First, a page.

We all live in a kind of ghetto of the mind; each of us gets into a set routine-whether it’s bowling on Wednesdays, or seeing friends on Saturday night, or playing bridge or going to the seashore for vacation, or eating in certain restaurants. Whatever our routine is, there are always other things that we could be doing, and some of them might be marvelous! It's useful to explore periodically, by doing something totally different, just to find out more about what else is out there, even if it seems totally weird or stupid to other people in your life. We live in a society with immense opportunities to explore and experience alternatives, most of which goes underutilized.
4. Wanting and having. This category is perhaps the most important and satisfying of all. It includes all the things that you want and you already have. It’s so easy to take for granted all the things that you have, all the experiences and relationships that you have and want. Appreciating what you have and want doesn’t require any change; it only takes a few moments of reflection. Gratitude only requires the willingness to take the time to appreciate and connect with and experience what you already have and value.
For example, a couple of years ago, in springtime, I saw a bunch of daffodils half-buried in a dirty snow bank, next to the road where all the trash and dirty water had been splashed over by the passing cars. The daffodils were pushing up through the muddy slush, and I got a powerful sense of the gift of another spring. “I got one more. I didn't know I was going to get another one.” Tears came to me at the time, and many times since while remembering it, and again as I write this. This experience serves me as a touchstone, a reminder to me to pause and experience gratitude for what I have been given. Many people collect resentments, but the same skill can be used to collect experiences of gratitude, which can support you and nourish you through hard times.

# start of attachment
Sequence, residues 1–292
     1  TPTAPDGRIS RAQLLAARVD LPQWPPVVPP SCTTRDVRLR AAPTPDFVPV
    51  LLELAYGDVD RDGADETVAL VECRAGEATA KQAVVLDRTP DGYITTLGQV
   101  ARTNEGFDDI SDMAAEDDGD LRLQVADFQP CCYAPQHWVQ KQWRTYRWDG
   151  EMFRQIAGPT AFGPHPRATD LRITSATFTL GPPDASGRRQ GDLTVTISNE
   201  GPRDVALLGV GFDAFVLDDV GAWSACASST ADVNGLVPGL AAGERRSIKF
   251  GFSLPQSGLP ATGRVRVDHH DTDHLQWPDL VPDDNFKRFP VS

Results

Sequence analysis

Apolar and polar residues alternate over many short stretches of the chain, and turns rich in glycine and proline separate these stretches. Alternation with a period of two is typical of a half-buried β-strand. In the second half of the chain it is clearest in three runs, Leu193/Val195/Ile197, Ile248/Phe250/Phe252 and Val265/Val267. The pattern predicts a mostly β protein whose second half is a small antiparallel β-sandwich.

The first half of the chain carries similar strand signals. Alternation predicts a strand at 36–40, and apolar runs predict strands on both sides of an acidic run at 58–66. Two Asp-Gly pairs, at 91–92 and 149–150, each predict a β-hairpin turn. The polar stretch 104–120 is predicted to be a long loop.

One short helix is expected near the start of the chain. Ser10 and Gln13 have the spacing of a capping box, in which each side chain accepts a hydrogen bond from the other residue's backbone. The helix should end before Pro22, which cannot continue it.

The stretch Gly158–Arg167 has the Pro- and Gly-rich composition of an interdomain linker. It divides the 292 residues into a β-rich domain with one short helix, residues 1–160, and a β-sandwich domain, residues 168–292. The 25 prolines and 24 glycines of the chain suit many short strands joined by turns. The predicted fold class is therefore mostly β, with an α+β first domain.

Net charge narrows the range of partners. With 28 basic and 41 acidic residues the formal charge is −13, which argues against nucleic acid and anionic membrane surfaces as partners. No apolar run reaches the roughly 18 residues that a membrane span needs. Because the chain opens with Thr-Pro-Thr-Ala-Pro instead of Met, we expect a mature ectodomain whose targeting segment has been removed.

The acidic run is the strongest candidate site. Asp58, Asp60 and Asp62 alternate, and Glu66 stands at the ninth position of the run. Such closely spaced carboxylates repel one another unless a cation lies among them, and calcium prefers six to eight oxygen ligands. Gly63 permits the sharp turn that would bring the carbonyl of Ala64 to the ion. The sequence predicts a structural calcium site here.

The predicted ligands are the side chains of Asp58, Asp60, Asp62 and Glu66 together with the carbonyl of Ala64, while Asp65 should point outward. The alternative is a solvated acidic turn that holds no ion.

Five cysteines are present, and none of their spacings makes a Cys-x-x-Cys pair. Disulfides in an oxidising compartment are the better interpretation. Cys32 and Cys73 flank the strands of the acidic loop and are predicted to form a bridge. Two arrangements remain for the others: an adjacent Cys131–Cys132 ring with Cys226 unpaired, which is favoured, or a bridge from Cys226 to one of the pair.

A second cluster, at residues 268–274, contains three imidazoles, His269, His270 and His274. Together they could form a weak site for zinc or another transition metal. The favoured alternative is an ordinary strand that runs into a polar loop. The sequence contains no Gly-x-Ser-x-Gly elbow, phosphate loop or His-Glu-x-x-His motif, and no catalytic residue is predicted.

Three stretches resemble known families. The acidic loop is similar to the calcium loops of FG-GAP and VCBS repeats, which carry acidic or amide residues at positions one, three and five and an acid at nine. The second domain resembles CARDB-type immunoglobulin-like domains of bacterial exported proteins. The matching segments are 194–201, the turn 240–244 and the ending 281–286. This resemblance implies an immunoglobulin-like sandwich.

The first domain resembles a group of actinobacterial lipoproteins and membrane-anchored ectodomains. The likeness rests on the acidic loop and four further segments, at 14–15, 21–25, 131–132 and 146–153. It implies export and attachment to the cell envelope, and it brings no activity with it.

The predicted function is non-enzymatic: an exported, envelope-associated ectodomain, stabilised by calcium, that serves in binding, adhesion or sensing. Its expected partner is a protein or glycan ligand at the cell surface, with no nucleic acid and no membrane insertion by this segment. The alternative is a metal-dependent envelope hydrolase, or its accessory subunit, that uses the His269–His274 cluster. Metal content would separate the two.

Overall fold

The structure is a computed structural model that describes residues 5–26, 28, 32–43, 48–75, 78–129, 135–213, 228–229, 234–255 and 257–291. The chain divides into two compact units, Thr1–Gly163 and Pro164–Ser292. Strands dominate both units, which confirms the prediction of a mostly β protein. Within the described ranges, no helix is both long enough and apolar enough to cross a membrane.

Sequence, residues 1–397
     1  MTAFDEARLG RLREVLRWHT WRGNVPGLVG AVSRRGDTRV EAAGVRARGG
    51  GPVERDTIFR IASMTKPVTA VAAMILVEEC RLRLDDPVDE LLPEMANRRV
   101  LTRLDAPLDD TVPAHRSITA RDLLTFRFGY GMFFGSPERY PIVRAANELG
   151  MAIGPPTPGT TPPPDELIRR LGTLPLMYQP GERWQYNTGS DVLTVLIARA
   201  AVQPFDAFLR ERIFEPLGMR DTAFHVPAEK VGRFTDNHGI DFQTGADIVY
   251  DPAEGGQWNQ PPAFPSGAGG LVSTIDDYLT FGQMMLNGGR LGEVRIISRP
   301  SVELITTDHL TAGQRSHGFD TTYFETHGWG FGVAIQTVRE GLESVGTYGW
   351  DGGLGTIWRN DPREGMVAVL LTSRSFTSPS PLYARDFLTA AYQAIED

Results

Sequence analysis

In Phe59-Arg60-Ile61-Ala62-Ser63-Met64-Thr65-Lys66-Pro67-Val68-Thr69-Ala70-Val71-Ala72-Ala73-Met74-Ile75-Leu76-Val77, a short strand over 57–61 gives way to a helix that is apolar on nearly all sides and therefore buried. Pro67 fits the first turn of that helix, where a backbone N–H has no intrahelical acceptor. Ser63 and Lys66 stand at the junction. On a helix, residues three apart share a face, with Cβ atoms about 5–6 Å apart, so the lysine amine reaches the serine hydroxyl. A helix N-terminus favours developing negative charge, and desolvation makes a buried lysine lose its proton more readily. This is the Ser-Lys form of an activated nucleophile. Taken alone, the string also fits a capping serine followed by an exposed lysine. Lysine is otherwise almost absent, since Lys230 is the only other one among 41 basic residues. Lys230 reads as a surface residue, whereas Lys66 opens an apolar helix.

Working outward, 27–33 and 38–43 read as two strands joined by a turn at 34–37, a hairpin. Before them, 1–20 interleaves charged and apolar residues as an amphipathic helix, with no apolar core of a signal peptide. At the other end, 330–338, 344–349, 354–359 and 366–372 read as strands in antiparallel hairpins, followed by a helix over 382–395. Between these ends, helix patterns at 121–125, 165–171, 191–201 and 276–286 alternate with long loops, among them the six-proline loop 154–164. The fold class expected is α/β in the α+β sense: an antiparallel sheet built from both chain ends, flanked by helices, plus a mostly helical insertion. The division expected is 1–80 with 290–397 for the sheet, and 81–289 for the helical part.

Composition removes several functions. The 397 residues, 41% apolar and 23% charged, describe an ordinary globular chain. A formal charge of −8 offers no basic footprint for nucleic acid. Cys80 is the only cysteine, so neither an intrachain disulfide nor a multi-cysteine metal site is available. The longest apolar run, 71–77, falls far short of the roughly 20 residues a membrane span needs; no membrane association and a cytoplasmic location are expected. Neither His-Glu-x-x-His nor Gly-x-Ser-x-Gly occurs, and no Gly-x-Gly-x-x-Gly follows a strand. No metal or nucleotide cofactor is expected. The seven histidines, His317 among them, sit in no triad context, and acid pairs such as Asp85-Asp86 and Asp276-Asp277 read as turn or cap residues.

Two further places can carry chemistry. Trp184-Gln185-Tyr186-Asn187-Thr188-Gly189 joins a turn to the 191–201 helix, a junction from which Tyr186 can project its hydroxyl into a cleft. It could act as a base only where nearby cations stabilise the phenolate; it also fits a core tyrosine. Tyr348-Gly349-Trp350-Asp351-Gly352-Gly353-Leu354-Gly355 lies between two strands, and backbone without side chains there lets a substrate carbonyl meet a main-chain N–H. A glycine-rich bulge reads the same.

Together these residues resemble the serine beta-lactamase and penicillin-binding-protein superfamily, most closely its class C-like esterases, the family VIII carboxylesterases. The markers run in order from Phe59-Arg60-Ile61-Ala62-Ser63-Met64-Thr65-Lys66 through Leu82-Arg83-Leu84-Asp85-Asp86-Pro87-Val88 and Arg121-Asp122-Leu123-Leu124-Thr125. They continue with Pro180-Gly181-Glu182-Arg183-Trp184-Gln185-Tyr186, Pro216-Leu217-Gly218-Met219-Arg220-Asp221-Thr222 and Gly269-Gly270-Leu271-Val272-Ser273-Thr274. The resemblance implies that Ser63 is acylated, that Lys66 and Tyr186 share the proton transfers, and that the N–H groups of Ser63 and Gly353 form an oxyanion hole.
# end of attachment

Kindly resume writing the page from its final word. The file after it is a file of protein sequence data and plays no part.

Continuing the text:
III – NLP and Spirituality
Every culture has some way of honoring and seeking spiritual values. Different groups have developed a variety of teachings and paths leading toward spiritual experiences, and all have honored those individuals who were able to live out those values congruently in their lives.
Originally, NLP was developed by studying therapists who were able to consistently help people change quickly, particularly Virginia Satir and Milton Erickson. This focus soon expanded to the study of human excellence of all kinds. Although many of the kinds of changes NLP accomplishes don’t directly address spiritual concerns, even these can be useful in clearing the way for exploring spiritual paths. It’s a little hard to keep focused on spiritual matters when you“re experiencing a phobic response, or are continually caught up in thoughts, behaviors, or responses that are troubling and frustrating.
It is only natural that eventually NLP would turn its attention to areas of human experience that have concerned sages, prophets, and saints for thousands of years. Of course, the word “spirituality” is a nominalization that means very different things to different people, so the task is not a simple one.
Even though NLP wasn’t originally intended to be a spiritual discipline, it’s interesting to find that many of the more recent methods produce or support goals that many spiritual teachers have recommended. Several of the patterns that Connirae and I have developed in recent years have satisfied needs that many have called deeply spiritual.